Lower-income families may face unique challenges in high-deductible health plans (HDHPs).
We administered a cross-sectional survey to a stratified random sample of families in a New England health plan's HDHP with at least $500 in annualized out-of-pocket expenditures. Lower-income families were defined as having incomes that were less than 300% of the federal poverty level. Primary outcomes were cost-related delayed or foregone care, difficulty understanding plans, unexpected costs, information-seeking, and likelihood of families asking their physician about hypothetical recommended services subject to the plan deductible. Multivariate logistic regression was used to control for potential confounders of associations between income group and primary outcomes.
Lower-income families (n = 141) were more likely than higher-income families (n = 273) to report cost-related delayed or foregone care (57% vs 42%; adjusted odds ratio [AOR], 1.81; 95% confidence interval [CI], 1.15-2.83]). There were no differences in plan understanding, unexpected costs, or information-seeking by income. Lower-income families were more likely than others to say they would ask their physician about a $100 blood test (79% vs 63%; AOR, 1.97; 95% CI, 1.18-3.28) or a $1000 screening colonoscopy (89% vs 80%; AOR, 2.04; 95% CI, 1.06-3.93) subject to the plan deductible.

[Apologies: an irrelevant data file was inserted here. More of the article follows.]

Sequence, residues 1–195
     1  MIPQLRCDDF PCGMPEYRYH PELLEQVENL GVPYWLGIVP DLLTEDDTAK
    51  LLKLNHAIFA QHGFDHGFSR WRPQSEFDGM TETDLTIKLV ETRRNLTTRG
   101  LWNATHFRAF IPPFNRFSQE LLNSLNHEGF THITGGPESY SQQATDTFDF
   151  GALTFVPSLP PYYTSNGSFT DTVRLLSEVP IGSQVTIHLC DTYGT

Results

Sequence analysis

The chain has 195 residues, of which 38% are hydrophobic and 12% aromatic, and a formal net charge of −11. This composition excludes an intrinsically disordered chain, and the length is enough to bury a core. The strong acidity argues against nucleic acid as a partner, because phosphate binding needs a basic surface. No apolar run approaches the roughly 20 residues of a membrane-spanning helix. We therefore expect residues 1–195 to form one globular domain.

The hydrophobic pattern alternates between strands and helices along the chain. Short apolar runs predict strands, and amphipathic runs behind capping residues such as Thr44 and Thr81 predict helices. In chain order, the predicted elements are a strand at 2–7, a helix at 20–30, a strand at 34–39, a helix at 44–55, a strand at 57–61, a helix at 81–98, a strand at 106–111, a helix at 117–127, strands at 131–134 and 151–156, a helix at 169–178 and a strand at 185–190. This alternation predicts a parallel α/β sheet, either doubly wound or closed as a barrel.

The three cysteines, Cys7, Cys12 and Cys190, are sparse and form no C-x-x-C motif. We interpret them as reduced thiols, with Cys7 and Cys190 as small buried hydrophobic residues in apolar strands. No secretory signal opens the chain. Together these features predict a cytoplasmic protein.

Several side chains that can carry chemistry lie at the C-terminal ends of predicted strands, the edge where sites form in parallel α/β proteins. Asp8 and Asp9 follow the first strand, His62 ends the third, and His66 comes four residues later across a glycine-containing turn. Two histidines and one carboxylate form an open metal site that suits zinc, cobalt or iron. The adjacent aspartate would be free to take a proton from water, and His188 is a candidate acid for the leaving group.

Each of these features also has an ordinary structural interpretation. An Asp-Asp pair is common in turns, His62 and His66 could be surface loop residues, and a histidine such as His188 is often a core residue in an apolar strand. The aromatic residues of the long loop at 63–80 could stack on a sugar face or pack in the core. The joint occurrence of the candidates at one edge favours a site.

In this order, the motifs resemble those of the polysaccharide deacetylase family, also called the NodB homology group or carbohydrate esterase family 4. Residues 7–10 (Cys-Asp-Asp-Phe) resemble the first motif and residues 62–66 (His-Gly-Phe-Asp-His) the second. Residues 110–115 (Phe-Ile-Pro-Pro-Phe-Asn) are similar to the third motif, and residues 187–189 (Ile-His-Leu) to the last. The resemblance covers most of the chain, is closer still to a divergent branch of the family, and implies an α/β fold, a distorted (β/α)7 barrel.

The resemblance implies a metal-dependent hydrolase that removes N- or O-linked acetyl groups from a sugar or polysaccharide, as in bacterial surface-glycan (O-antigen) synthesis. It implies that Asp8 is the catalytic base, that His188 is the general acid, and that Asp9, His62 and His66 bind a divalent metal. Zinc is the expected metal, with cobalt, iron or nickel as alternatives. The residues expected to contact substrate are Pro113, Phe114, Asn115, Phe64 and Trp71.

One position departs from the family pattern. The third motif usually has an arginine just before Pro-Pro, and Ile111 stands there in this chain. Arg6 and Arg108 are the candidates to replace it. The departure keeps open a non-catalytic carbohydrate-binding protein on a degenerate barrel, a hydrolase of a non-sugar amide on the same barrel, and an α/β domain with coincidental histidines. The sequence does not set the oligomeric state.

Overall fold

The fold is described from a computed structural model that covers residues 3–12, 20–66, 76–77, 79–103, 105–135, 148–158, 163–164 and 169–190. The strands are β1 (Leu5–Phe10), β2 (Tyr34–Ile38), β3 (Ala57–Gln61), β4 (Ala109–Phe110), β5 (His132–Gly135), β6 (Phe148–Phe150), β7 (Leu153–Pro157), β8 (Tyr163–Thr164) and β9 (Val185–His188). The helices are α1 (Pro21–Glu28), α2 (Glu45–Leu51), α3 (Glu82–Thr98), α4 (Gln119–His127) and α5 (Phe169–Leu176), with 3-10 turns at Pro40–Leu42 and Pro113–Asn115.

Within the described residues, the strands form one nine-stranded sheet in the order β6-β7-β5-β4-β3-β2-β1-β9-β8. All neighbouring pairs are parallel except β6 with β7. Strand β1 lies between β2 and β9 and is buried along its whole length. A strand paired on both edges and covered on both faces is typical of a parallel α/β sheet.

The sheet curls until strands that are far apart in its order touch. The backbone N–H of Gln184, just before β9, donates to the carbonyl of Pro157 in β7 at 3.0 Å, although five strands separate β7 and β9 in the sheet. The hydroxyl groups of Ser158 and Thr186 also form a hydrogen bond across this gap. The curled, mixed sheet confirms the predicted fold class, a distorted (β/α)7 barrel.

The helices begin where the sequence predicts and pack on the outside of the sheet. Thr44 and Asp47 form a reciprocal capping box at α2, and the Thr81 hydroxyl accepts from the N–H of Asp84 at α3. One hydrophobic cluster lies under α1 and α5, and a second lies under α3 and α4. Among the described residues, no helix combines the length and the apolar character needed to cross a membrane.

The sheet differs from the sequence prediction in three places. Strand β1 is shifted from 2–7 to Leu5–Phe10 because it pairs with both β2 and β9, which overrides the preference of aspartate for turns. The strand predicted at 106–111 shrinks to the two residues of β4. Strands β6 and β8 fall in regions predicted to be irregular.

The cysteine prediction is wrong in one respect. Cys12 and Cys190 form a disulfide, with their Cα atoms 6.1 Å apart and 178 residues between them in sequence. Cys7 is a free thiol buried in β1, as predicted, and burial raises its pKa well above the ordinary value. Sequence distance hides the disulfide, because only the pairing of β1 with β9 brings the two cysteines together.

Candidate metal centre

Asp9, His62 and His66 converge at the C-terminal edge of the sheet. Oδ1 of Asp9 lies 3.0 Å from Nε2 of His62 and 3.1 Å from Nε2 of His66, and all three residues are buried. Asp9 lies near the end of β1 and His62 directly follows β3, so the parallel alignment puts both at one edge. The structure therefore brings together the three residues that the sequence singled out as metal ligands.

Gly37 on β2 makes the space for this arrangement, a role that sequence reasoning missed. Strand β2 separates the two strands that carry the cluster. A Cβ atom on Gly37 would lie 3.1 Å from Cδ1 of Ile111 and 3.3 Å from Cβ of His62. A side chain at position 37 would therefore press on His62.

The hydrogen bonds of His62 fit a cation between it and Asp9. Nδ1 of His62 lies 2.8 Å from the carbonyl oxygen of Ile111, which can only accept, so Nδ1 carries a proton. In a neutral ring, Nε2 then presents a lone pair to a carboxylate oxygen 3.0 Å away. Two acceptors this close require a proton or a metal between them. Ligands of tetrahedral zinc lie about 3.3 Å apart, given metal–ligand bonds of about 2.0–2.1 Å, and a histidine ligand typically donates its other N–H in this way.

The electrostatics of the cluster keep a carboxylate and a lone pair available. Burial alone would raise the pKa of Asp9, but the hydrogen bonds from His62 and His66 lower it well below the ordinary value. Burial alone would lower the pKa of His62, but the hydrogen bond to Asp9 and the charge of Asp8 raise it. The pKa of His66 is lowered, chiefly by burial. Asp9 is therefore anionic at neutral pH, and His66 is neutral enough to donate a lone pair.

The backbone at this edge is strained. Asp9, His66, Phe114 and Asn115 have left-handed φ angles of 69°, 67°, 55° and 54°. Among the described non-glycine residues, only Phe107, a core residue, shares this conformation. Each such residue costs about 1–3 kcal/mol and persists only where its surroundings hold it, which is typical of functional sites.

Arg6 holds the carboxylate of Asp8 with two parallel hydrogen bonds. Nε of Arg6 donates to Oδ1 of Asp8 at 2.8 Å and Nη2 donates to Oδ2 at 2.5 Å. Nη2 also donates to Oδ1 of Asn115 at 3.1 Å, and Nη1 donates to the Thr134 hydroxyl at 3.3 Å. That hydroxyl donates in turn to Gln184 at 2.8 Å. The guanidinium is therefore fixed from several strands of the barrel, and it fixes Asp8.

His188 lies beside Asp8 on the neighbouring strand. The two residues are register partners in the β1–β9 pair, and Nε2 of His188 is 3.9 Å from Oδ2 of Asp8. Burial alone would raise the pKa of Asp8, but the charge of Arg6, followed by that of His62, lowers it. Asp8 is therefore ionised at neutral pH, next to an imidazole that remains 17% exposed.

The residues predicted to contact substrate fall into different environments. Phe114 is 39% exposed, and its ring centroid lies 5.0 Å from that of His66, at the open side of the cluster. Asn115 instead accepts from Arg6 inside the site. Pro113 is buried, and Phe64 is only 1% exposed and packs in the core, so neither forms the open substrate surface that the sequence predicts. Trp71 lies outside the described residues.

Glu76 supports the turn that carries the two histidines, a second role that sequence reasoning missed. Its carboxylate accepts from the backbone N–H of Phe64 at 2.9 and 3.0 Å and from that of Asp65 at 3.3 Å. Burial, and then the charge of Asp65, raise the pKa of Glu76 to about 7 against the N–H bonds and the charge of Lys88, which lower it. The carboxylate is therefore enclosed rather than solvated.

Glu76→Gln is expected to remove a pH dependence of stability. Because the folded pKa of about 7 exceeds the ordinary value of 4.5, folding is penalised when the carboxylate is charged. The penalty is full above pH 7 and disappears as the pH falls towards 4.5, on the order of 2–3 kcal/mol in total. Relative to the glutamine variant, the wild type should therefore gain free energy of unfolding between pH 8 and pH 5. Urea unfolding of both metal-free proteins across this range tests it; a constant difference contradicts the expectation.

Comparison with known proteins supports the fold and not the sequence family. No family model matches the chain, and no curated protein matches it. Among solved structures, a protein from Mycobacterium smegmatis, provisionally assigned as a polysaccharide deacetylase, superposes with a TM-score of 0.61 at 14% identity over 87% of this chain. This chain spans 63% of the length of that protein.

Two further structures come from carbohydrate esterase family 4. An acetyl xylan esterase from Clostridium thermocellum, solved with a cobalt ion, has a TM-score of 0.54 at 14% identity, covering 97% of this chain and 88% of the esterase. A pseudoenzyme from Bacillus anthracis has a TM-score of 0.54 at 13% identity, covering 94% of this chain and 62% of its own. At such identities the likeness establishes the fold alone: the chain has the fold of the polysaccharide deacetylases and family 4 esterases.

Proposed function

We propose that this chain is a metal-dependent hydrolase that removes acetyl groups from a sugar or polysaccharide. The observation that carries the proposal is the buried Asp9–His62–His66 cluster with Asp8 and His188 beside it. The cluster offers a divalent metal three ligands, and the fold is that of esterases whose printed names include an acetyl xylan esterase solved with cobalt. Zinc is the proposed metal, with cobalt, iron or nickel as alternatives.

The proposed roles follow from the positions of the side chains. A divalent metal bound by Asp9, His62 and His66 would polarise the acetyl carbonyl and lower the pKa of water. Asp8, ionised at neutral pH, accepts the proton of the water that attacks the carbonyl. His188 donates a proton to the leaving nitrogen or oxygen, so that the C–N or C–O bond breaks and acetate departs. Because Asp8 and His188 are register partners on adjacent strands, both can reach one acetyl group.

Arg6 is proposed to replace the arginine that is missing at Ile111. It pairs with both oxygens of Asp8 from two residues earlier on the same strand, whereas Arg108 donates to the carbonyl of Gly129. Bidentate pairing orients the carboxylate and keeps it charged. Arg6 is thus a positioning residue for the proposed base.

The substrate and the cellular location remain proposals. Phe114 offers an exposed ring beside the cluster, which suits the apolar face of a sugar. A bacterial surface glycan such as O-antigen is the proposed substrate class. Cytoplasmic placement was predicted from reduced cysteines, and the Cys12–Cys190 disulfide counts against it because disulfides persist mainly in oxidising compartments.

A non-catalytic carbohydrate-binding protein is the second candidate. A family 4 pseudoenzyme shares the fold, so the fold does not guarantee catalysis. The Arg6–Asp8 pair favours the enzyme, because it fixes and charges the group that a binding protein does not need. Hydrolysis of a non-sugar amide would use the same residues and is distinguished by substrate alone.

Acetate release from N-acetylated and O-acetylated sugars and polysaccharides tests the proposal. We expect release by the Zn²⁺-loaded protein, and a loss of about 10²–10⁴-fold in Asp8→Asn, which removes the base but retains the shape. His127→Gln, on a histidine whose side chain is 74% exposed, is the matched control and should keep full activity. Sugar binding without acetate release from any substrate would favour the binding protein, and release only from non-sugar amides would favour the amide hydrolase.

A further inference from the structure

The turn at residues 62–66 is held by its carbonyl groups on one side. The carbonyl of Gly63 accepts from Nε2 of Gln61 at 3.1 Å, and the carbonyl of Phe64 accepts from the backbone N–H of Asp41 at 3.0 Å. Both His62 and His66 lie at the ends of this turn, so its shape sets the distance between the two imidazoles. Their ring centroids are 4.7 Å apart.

Lower-income families with out-of-pocket expenditures in an HDHP were more likely than higher-income families to report cost-related delayed or foregone care but did not report more difficulty understanding or using their plans, and might be more likely to question services requiring out-of-pocket expenditures. Policymakers and physicians should consider focused monitoring and benefit design modifications to support lower-income families in HDHPs.